dan_ust at yahoo.com
Thu Dec 9 20:46:00 UTC 2010
I don't think that's true. Sexual preferences have often been used to blackmail
people -- and, in terms of security, has often been seen as a liability because
someone might be blackmailed. In other words, if you were gay and in the closet,
this might be seen as a way that foreign agents might manipulate you -- even if
you were not, say, on their side ideologically, in their pay, or perhaps had a
desire to change history.
From: Darren Greer <darren.greer3 at gmail.com>
To: ExI chat list <extropy-chat at lists.extropy.org>
Sent: Thu, December 9, 2010 12:36:32 PM
Subject: Re: [ExI] Wikileaks.
>No, nutters are common. It is just that most of they do not matter. (proud
>recipient of two crazy missives today)<
Since 2001 it's been very difficult to determine who may be nutters and who may
not. Someone mentioned the likelihood of people on this group being on enemy
lists (can't find the post now but I know I read it.) I can say from experience
it doesn't take much to make them. After the U.S. invaded Iraq I began writing
some unflattering essays on U.S. foreign and domestic security policy and
published some of them in a book of essays released in 2005 in Canada. It was
then that I began to notice some unusual traffic on my .ca website -- U.S.
government agencies, including the FBI, were regularly crawling it. Hardly
anyone read or bought that book, but someone apparently noticed it. I took the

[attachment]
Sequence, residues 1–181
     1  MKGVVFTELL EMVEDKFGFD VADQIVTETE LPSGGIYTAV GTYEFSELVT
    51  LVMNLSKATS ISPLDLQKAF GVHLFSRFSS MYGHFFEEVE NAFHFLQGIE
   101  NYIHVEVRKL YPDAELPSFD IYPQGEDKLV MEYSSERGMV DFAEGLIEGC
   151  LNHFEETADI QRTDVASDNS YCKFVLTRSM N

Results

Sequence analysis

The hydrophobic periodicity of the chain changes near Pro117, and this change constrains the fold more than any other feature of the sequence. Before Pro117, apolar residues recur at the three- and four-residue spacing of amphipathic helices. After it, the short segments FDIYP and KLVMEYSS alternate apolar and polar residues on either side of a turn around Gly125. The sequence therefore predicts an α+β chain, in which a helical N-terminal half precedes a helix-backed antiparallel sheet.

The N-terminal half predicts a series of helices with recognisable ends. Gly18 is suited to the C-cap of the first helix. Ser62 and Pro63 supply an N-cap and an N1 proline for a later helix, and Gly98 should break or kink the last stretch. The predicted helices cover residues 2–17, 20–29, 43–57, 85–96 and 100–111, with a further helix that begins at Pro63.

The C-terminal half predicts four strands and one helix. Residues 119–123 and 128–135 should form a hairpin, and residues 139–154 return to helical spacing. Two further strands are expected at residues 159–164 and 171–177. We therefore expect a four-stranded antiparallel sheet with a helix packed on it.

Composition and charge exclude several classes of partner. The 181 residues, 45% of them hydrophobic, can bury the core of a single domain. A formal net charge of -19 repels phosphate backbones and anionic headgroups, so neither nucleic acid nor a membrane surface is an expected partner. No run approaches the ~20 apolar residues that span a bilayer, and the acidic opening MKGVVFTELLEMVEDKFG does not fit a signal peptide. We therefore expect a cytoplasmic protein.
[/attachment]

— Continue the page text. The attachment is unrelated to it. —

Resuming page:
site down eventually.
A few years later when living in California I became friends with an infamous
gay pornographer who had been called by a Tuft's University professor in a
lecture on 21st century morality "the embodiment of the post-human." Because of
this friendship, I again went on the U.S. intelligence radar. I am now the proud
owner of an FBI file. I would not even have known this much if I hadn't been
introduced in San Francisco to an ex-FBI agent who was a friend of a friend. I
really don't understand the world of intelligence and enemy lists and national
security anyway. The lines between what is considered subversive activity, and
even thinking, and what is civically acceptable are so blurred that the whole
thing has become one big, sinister mess.
It was easier in the old days, when you could be black-listed for carrying a
copy of Das Capital across the border but the kind of sex you preferred would
only affect your chances for getting elected to public office.
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